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Yellowknife constable to ride for cancer
Mountie Kathy Law to trek more than 200 km in the Rockies to support family, friends affected by cancer

Katherine Hudson
Northern News Services
Published Tuesday, June 19, 2012

About 186,000 new cases of cancer and 76,000 deaths from cancer will occur in Canada this year, according to the Canadian Cancer Society, and a Yellowknife police officer is going to pedal towards reducing those grave statistics.

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RCMP Const. Kathy Law is taking part in the Enbridge Ride to Conquer Cancer this weekend in Calgary. Law, seen here last Friday, has been training for the bike ride which encompasses 217 km since the winter. - Katherine Hudson/NNSL photo

RCMP Const. Kathy Law is taking on the 217-km Enbridge Ride to Conquer Cancer this weekend, a two-day course that weaves along the Rocky Mountains, beginning and ending in Calgary. She decided to volunteer, along with four of her cousins, to bike for a younger cousin, Karla, who was diagnosed with breast cancer in October 2011. Karla completed her last chemotherapy treatment on June 13.

So far, their team, Karla's Krew, has raised almost $28,000. The money raised for the Alberta Cancer Foundation through the Ride to Conquer Cancer will support patients and families at the Tom Baker Cancer Centre in Calgary, the Cross Cancer Institute in Edmonton and 15 cancer centres throughout Alberta.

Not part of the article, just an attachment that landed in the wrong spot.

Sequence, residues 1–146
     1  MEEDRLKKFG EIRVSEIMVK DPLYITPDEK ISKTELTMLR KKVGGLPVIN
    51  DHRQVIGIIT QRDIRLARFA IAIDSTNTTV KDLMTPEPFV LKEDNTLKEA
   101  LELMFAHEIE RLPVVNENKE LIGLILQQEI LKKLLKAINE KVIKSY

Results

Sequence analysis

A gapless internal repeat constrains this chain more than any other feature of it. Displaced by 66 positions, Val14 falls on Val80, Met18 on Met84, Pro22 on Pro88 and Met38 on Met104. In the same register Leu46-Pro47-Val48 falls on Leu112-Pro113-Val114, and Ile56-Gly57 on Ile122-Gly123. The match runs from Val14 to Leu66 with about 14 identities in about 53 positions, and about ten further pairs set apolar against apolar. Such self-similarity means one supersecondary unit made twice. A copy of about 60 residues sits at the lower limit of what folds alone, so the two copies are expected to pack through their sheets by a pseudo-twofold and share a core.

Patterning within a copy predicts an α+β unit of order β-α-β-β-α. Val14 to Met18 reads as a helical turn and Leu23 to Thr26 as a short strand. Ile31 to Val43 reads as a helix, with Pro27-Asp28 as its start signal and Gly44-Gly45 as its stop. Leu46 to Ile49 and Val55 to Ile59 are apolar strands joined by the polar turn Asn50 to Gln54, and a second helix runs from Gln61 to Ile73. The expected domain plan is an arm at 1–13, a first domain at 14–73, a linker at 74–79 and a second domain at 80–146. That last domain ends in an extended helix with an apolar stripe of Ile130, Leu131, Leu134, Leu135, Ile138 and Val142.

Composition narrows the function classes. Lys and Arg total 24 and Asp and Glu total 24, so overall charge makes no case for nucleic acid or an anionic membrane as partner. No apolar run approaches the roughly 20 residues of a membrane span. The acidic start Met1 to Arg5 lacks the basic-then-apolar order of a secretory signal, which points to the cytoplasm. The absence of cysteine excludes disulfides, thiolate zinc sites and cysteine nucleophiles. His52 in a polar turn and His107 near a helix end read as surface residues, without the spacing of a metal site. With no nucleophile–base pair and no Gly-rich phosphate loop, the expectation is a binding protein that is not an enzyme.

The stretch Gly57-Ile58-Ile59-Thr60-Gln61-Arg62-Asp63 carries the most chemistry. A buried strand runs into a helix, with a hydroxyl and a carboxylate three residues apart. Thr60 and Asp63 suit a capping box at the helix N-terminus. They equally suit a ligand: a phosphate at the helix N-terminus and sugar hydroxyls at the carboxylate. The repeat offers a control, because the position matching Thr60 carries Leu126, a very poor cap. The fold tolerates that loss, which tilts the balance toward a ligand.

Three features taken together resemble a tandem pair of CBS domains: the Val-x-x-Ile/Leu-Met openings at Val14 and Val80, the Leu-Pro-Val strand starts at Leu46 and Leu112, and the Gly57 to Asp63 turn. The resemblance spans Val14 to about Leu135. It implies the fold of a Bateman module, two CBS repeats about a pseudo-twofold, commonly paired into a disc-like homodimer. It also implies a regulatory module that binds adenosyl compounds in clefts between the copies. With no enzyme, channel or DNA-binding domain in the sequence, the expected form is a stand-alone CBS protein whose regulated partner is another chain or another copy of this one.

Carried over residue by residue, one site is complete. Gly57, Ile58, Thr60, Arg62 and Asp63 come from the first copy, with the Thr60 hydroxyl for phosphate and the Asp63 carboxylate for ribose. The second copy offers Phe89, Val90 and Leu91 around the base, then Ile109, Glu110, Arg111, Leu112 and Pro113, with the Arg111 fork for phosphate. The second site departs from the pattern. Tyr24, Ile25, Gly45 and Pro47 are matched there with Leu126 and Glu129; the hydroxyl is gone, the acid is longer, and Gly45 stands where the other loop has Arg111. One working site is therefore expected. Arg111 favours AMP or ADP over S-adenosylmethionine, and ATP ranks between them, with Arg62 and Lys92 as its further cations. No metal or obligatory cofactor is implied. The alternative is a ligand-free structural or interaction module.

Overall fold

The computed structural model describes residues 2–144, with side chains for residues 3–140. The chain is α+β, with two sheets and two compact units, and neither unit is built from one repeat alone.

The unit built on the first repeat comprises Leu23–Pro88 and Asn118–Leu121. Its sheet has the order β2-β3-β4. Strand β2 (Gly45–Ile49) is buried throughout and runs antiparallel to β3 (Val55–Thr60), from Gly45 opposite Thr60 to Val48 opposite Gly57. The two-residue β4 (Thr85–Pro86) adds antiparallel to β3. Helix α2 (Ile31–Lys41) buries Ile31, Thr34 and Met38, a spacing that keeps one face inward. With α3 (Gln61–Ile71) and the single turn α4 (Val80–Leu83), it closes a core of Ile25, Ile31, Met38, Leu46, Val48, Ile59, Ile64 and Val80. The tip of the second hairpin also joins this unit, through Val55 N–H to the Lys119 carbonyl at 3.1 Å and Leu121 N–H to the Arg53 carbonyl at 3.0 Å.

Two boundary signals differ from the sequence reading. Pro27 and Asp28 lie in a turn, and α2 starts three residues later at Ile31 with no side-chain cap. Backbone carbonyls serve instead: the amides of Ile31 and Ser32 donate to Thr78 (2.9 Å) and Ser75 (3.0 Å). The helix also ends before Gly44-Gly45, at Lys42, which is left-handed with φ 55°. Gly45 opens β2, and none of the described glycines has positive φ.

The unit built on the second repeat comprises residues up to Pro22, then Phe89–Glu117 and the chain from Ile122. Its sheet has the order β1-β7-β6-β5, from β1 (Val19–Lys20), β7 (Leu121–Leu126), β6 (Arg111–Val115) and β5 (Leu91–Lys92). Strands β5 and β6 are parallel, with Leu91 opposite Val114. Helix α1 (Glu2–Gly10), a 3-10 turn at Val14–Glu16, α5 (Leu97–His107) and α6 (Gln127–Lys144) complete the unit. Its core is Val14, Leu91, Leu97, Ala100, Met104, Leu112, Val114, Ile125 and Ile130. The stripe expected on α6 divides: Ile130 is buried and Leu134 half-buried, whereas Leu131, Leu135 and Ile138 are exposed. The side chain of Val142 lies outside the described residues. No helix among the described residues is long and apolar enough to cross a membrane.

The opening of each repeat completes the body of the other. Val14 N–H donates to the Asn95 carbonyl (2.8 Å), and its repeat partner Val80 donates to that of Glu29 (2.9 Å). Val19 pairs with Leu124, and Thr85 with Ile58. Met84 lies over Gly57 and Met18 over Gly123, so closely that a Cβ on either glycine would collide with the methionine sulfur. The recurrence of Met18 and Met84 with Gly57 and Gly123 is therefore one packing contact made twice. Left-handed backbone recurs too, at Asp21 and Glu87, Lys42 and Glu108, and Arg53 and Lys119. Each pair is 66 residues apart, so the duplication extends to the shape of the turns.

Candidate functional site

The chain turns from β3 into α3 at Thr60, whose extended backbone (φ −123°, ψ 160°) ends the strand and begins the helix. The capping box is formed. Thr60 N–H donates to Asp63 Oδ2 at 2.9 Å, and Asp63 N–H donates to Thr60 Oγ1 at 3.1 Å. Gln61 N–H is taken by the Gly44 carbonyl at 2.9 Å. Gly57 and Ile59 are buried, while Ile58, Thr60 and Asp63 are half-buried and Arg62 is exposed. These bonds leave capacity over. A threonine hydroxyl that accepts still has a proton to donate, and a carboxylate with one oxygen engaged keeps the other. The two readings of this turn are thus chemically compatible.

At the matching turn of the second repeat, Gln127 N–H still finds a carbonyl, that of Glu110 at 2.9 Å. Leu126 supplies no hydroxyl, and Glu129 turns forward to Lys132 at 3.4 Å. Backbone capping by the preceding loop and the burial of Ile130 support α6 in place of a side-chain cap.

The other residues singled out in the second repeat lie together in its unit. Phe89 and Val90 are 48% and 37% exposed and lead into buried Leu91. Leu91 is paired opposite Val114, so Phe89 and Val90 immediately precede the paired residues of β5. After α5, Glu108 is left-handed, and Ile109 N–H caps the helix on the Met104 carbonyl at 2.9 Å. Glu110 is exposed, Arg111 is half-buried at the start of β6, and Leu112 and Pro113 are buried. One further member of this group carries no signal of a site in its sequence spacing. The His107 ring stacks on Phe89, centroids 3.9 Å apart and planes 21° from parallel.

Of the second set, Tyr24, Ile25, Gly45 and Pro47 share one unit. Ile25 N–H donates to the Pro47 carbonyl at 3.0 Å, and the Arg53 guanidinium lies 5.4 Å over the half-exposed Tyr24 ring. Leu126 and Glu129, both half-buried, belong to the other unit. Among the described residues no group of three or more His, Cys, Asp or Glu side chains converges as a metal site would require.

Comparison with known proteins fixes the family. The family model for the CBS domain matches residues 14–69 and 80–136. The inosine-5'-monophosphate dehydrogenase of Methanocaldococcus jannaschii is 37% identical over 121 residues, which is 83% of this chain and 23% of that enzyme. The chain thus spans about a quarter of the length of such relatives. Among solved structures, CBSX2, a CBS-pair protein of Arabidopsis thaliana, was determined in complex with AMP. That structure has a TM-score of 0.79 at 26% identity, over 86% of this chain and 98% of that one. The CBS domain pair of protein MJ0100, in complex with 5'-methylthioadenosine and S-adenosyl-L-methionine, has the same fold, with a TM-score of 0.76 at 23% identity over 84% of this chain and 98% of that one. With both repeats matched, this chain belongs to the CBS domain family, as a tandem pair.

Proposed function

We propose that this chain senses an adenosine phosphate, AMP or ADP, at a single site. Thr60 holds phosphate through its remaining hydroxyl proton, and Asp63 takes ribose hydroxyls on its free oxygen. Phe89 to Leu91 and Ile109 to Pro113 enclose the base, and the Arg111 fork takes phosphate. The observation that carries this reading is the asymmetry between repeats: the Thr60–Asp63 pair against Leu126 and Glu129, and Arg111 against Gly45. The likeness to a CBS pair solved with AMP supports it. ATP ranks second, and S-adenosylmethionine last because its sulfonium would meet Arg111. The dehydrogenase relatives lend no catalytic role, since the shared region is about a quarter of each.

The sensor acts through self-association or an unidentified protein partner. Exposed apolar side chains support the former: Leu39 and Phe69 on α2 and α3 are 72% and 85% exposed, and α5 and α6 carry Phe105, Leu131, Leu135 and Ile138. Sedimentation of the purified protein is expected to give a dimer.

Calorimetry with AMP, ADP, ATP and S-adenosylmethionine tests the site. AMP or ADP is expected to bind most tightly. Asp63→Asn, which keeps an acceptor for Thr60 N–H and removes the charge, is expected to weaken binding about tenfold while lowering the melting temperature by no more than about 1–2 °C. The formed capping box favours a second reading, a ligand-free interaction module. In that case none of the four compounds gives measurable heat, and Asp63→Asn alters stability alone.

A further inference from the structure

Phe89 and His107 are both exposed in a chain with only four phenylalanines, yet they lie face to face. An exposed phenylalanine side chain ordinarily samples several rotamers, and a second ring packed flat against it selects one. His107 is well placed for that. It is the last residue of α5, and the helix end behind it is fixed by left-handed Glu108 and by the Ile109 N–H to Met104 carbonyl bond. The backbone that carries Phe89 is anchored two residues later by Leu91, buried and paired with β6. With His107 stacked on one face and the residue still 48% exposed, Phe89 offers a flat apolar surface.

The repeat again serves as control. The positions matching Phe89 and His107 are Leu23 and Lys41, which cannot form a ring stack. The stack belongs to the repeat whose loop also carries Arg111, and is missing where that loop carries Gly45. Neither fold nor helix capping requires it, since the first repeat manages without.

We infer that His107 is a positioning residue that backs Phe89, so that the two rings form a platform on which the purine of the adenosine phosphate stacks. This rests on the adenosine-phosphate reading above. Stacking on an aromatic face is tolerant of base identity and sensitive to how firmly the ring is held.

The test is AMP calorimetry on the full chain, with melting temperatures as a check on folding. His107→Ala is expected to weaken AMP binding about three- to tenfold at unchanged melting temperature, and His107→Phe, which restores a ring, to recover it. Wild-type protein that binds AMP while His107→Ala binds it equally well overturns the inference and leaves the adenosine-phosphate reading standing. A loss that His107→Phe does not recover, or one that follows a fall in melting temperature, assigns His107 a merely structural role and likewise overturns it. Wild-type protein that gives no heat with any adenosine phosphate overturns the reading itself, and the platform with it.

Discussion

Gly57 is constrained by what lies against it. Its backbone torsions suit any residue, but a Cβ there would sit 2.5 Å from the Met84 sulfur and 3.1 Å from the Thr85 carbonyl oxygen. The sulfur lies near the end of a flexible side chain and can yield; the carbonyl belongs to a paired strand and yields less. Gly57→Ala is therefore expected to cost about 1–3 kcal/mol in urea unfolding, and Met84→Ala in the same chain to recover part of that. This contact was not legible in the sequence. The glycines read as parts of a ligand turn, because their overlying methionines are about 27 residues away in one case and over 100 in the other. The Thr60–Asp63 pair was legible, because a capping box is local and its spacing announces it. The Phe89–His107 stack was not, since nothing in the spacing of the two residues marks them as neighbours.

"So many of our residents in the Northwest Territories that battle cancer go for treatment in Alberta. That is reason enough for me to be a part of this," said Law.

Law, 43, said biking is a passion of hers, having mountain biked for years. Over the past five years, she has transitioned to road cycling as well.

"Biking is kind of what I do for enjoyment and exercise," she said.

Throughout the winter, Law rode her bike on a trainer in her house, pedaling 60 km per session. In the warmer weather, she's been cycling to the access road on the Ingraham Trail as well as around the city.

This is the fourth year for the Enbridge Ride to Conquer Cancer. Last year, there were 2,280 riders and $8.8 million was raised, according to Tim Thiessen, corporate team specialist for the event.

"It's pretty amazing, especially when you get a lot of the survivors out there. They ride around with a yellow flag on the back (of their bikes)," said Thiessen.

Riders take off from Spruce Meadows in Calgary on Saturday and ride more than 100 km the first day before settling in for the night in a big field. Participants then start early Sunday to head back toward Calgary.

"It's pretty awesome. You get a lot of people coming out to watch, especially the finish line at Spruce Meadows with everybody rolling in. There's hundreds and hundreds of people lined up cheering them in," she said.

Law's husband, Cam and son Jack will be cheering her on, as well about 15 other family members from Alberta and Saskatchewan.

"We've lost family and friends to cancer. I just envision myself, even on my training rides, I just think about that constantly as I'm riding," said Law. "You start feeling like you're in pain from the ride and from going such a long distance, and it's easier to push through when you're thinking about those who struggled with cancer and trying to get through it, going through chemotherapy and radiation I can already see the finish line."

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